13“Enter through the narrow gate; for the gate is wide and the road is easy that leads to destruction, and there are many who take it. 14For the gate is narrow and the road is hard that leads to life, and there are few who find it.
15“Beware of false prophets, who come to you in sheep’s clothing but inwardly are ravenous wolves. 16You will know them by their fruits. Are grapes gathered from thorns, or figs from thistles? 17In the same way, every good tree bears good fruit, but the bad tree bears bad fruit. 18A good tree cannot bear bad fruit, nor can a bad tree bear good fruit. 19Every tree that does not bear good fruit is cut down and thrown into the fire. 20Thus you will know them by their fruits.
21“Not everyone who says to me, ‘Lord, Lord,’ will enter the kingdom of heaven, but only the one who does the will of my Father in heaven.”
The time of Jesus -- called "Second Temple Judaism" -- was a time rife with false prophets and messiahs. Something was in the air. The air was pregnant with messianic expectations. To change metaphors, like a supersaturated solution on the verge of crystallization, Palestine was on the verge of crystallizing messianically (if that makes sense). (Chemistry majors, you know what I mean.)
One possible false prophet was Jesus. That's what the Pharisees and Sadducees thought of Jesus -- a false prophet like those others.
Jesus was well aware of this accusation. Jesus was aware of false prophets. He knew the dangers they posed. How was one to tell a false prophet from a true prophet? How could you tell a messenger sent from God vs. a messenger sent from himself? Jesus provides an answer.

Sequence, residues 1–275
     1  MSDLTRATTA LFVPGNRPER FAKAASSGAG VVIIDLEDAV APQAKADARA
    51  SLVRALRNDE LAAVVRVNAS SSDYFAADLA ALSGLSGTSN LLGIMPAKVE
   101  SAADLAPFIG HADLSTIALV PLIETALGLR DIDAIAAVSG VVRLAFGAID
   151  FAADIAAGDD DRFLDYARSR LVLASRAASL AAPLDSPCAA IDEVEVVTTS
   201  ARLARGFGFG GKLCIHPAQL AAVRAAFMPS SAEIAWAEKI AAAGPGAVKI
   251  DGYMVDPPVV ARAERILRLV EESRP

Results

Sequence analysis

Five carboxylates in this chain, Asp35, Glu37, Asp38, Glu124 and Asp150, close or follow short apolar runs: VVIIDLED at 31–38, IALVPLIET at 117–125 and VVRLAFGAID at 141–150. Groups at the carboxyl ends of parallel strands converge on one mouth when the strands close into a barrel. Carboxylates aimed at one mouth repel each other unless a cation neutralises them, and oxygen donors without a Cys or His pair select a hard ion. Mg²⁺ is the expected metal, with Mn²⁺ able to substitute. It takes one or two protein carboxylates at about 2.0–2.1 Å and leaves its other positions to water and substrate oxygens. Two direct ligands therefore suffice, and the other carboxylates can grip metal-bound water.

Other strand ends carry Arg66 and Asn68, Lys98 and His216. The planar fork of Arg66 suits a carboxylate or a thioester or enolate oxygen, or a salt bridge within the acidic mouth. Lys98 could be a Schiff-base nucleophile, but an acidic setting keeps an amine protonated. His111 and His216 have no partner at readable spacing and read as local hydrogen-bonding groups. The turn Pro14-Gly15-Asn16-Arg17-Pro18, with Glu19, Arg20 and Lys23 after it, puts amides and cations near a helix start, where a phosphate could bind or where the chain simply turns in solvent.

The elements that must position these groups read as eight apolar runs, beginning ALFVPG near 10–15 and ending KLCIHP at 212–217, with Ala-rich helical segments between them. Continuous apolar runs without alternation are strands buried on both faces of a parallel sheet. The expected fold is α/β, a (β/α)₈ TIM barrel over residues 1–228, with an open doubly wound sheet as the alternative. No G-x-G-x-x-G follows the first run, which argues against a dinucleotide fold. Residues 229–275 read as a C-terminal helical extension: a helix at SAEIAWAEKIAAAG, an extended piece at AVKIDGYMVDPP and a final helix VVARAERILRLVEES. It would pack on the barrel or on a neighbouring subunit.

The false prophets do not go around with a T-shirt with a picture of an upward arrow with the words 'false prophet' at the bottom of the arrow. Neither do true prophets go around with their T-shirts.
Observe carefully. Do they draw people to God? Are their lives godly? Do their words and actions match up? Do they possess characteristics befitting someone who knows God -- merciful, compassionate, kind, gentle, righteous, humble, generous, pure in heart, etc.?
False prophets -- no matter how clever they are -- cannot deceive people everywhere and all the time. Their true selves will eventually manifest.
Now, false prophets are different from fallible prophets. Prophets are human beings, with weaknesses and blind spots. Just because a prophet falters in an area does not automatically mean that he or she is false. The larger picture of the prophetic man or woman must be taken into account.
There was only One Perfect Prophet, Jesus. All other prophets of YHWH were flesh-and-bone people with sins and weaknesses.
What's true of prophets of course is true for the rest of us. How can you tell whether you are a child of God or not? By your fruits. By your life. By your loves. By your priorities. By your life goals and purposes. Anyone can say, "Lord, Lord" without making Jesus Lord of his or her life. Mere words do not save us. Our true relationship with God through Jesus saves us.
And if God is in you, the fruits of God (i.e., the fruits of the Spirit) cannot be denied or canceled. Fruits are inevitable, for those in Christ are ingrafted to the Living God who always transforms those who are in union with Him.
Let's pray: O God, just in case a person reading this devotional is not a child of yours, we pray for his or her salvation, based on a genuine relationship with you through Jesus the Messiah. May this person trust you, O God, and follow Jesus as Lord, for you save us in order that we would know you as Lord of All. We also pray that we would continue to grow in you as the Spirit manifests the reality of God in our lives by the transformation of who we are, our actions, attitudes, priorities, passions, desires, goals, objectives, and dreams. May our greatest testimony of your goodness and existence be our lives transformed! In Jesus' name, amen.